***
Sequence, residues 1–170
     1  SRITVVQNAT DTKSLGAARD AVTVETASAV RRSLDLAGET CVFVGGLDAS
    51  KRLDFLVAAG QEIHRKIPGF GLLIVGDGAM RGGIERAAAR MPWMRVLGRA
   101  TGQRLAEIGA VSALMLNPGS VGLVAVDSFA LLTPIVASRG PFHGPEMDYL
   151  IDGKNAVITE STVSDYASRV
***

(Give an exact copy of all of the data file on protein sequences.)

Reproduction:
Sequence, residues 1–170
     1  SRITVVQNAT DTKSLGAARD AVTVETASAV RRSLDLAGET CVFVGGLDAS
    51  KRLDFLVAAG QEIHRKIPGF GLLIVGDGAM RGGIERAAAR MPWMRVLGRA
   101  TGQRLAEIGA VSALMLNPGS VGLVAVDSFA LLTPIVASRG PFHGPEMDYL
   151  IDGKNAVITE STVSDYASRV